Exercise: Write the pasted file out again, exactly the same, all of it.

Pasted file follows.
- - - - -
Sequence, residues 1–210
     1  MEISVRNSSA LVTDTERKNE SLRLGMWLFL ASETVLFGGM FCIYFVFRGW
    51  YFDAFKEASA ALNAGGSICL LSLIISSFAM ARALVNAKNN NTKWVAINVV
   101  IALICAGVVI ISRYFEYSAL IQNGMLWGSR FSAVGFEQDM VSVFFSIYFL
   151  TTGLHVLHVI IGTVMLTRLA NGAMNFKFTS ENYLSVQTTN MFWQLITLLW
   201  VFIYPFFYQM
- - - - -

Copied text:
Sequence, residues 1–210
     1  MEISVRNSSA LVTDTERKNE SLRLGMWLFL ASETVLFGGM FCIYFVFRGW
    51  YFDAFKEASA ALNAGGSICL LSLIISSFAM ARALVNAKNN NTKWVAINVV
   101  IALICAGVVI ISRYFEYSAL IQNGMLWGSR FSAVGFEQDM VSVFFSIYFL
   151  TTGLHVLHVI IGTVMLTRLA NGAMNFKFTS ENYLSVQTTN MFWQLITLLW
   201  VFIYPFFYQM